LightSquared CEO Quits, Falcone Joins Board
LightSquared CEO Sanjiv Ahuja resigned today after failing to get government clearance for the company's planned wireless network.
The ouster comes two weeks after the FCC said it would block LightSquared from using satellite spectrum to run a wholesale LTE network because it was unable to fix problems with GPS interference.
Philip Falcone, who has staked his Harbinger Capital Partners hedge fund on LightSquared, has taken a seat on the company's board as part of the executive shakeup. Harbinger could lose billions if its bet on LightSquared falls through.
LightSquared had planned to sell wireless connectivity at low rates to third-party providers and signed up dozens of customers for its still-unlaunched service, including Leap Wireless International and Best Buy. The FCC’s decision leaves LightSquared with few ways to move forward, and will likely mean the end of the company’s plans.
Falcone pledged to advance LightSquared’s wireless plans against seemingly insurmountable government opposition.
LightSquared is "committed to working with the appropriate entities to find a solution to the recent regulatory issues," Falcone said in a statement, but did not lay out a specific plan to move forward.
Network chief Doug Smith and CFO Marc Montagner will serve as interim co-chief operating officers while the company looks for a new CEO. Ahuja will keep his post as chairman of the board.
LightSquared reportedly plans to lay off 45 percent of the 330 people it currently employs to preserve its dwindling cash reserves. Falcone said the company is "taking an aggressive approach to its finances to ensure that it has adequate financial runway while it works through these issues."
Government tests found last year that LightSquared's network interfered with a large swath of GPS receivers, which run on spectrum located next to the bands used for LightSquared's wireless network.
Test results showed that LightSquared's signal doesn't bleed into neighboring bands. Instead, the problem stemmed from GPS receivers which pick up on signals from neighboring bands to fine-tune coordinates and were drowned out by the strength of LightSquared's transmissions. High-precision devices used by the military and aviation industries were found to be particularly susceptible.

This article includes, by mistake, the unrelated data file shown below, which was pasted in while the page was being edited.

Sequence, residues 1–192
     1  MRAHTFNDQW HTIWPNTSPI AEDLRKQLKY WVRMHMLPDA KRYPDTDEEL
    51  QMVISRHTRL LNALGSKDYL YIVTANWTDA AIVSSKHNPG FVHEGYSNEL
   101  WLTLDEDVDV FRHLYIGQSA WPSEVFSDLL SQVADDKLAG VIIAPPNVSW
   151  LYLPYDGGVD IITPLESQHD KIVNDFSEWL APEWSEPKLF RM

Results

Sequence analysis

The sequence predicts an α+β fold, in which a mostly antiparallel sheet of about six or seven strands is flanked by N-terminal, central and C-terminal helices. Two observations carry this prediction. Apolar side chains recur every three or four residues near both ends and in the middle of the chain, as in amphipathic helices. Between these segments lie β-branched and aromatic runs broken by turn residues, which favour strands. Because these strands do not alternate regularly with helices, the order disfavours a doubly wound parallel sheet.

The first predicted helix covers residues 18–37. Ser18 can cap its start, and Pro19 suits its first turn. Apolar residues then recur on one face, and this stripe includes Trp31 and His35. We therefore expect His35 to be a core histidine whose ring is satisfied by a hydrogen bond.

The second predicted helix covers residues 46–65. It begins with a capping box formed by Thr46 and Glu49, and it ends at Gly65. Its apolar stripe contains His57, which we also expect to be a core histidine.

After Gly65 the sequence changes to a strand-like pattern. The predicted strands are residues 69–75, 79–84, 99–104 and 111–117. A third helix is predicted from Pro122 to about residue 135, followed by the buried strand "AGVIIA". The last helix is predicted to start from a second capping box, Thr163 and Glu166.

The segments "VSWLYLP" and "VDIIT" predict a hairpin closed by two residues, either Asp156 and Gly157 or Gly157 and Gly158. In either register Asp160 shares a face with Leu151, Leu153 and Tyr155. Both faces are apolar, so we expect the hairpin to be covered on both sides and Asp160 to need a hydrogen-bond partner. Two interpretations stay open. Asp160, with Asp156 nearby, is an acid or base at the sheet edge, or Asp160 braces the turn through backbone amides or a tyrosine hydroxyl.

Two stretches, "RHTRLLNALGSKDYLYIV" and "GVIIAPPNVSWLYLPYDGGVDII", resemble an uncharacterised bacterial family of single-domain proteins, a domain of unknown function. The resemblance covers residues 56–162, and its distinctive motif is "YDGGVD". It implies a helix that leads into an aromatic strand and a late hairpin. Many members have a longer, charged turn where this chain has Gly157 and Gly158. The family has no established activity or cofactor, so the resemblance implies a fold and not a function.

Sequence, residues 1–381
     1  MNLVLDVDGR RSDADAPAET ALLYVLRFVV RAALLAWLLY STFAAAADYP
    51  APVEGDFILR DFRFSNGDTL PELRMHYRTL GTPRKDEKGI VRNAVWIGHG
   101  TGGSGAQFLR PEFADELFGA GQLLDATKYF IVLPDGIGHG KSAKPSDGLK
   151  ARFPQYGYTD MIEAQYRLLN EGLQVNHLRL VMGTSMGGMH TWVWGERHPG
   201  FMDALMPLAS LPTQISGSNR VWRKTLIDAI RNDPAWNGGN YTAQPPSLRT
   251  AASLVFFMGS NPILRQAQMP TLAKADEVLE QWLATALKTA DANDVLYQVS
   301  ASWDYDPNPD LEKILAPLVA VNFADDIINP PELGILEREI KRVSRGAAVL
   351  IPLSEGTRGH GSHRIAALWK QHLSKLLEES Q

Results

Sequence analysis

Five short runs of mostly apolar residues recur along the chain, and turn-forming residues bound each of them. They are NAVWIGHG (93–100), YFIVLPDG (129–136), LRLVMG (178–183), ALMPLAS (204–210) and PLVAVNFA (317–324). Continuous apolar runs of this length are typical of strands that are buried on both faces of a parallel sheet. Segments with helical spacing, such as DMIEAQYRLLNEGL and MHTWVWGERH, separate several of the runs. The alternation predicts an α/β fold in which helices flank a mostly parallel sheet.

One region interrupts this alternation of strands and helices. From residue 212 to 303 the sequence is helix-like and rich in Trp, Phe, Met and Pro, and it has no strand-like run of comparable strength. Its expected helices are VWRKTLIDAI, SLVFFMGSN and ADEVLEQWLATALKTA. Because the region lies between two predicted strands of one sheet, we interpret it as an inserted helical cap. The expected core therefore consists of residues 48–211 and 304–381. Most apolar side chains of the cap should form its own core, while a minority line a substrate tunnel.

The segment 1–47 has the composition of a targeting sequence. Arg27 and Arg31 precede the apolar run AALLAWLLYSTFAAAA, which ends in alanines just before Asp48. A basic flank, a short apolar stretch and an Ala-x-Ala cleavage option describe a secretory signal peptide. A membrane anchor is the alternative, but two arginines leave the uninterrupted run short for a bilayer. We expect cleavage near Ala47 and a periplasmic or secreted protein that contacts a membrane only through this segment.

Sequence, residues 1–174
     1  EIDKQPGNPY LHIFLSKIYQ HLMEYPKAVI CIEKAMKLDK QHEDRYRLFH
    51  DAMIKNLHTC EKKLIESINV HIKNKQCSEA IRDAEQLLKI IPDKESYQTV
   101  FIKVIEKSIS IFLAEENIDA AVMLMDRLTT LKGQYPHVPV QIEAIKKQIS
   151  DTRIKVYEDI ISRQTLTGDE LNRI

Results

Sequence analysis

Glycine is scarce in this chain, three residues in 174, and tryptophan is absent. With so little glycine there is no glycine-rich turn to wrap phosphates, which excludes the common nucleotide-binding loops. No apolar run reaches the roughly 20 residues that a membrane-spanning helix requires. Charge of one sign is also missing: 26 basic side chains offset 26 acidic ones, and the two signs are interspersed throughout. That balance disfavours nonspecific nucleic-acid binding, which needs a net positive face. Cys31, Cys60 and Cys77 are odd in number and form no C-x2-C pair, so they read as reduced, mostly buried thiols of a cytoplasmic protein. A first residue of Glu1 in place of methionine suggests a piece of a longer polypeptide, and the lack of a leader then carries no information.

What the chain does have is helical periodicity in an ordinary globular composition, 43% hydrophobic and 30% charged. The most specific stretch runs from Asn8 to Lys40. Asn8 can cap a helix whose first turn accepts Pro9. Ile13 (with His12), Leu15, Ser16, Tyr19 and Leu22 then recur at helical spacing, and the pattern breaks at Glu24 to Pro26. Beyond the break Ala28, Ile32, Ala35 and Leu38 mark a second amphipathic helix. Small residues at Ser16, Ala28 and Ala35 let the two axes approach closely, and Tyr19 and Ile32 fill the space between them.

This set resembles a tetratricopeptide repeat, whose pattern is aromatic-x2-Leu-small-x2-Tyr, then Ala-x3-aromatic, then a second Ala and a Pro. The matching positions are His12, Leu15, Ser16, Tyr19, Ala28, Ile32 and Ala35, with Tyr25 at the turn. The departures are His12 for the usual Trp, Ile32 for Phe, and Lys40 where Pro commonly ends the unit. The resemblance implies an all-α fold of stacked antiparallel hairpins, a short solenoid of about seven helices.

LightSquared has attempted to place blame on the GPS industry, arguing manufacturers should be held liable for flawed designs that eavesdrop on its spectrum.
But the NTIA sided with the GPS industry and reported earlier this month there was "no practical way" to mitigate LightSquared’s impact on GPS.
The conclusion prompted the FCC announce it would vacate LightSquared’s original waiver and suspend its ability to use satellite spectrum for land-based wireless services, effectively killing LightSquared’s mobile broadband ambitions. The FCC is currently collecting comments on its decision and has not yet taken action.
The FCC granted LightSquared a conditional waiver for its wholesale LTE network in January 2011. The waiver stipulated that LightSquared address any issues with GPS before launching its service.
Early on, LightSquared shrugged off the challenge of addressing the interference problem. It inked multi-billion deals with vendors including Nokia Siemens Networks, Qualcomm and Nokia, and signed up more than 30 customers for its network before the FCC handed down its decision.
The company is rumored to be considering legal action against the government, but has not yet filed suit.